Across the road from the grocer there was a chemist. He offered a service which is not needed today. In those days not every house had electricity laid on. The people in these houses would have a wireless set that ran off batteries – not the kind of batteries in use today – but large batteries (which we called accumulators) which were made of glass and in which you could see the plates and the acid which they contained. These accumulators would be brought to the chemist’s shop where he would (for a fee) recharge them. I can remember seeing people walking along the road carrying these accumulators very carefully.
Another shop which we visited regularly was the bakers. Here we would buy freshly made bread, still warm from the oven. It was not surprising that my sister and I used to break off small pieces of this delicious, warm bread as we walked home. My grandmother was very tolerant and would say “It looks as though the mice have been nibbling the bread again”.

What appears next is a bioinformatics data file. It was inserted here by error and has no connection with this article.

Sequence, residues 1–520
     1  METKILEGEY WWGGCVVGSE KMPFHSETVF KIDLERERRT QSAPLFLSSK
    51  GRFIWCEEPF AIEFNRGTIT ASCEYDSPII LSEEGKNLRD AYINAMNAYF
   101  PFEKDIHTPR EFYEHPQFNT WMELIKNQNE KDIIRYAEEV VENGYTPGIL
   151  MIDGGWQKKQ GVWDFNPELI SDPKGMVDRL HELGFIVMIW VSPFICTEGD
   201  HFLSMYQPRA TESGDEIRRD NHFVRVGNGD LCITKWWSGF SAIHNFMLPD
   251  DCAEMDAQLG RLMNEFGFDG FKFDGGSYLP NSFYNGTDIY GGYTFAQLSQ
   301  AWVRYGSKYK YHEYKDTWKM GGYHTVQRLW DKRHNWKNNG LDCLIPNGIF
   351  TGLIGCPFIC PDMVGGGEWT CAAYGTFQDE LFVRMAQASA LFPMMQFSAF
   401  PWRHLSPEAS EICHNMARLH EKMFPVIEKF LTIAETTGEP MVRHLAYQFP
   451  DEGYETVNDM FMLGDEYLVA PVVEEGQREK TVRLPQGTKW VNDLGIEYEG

During our times at Prestatyn we worshipped regularly at 3 different churches. The largest was Trinity Methodist Church (where my parents were married).
We also used to walk to the Methodist Church in Meliden. Here they had a service in Welsh first, followed after an interval of 15 minutes by a service in English. We only ever attended the English service as none of us spoke Welsh.
The third church where we worshipped on occasions was Dyserth Congregational Church. My grandfather was one of the founders of this church. It was here that I had been christened before the war. It was a bus ride away from Rhosmor and there was a conveniently timed bus to get us to church on time, but we had to walk home along the hill paths as the buses only ran every 2 or 3 hours and the church service went on long enough so that we just missed one of the buses.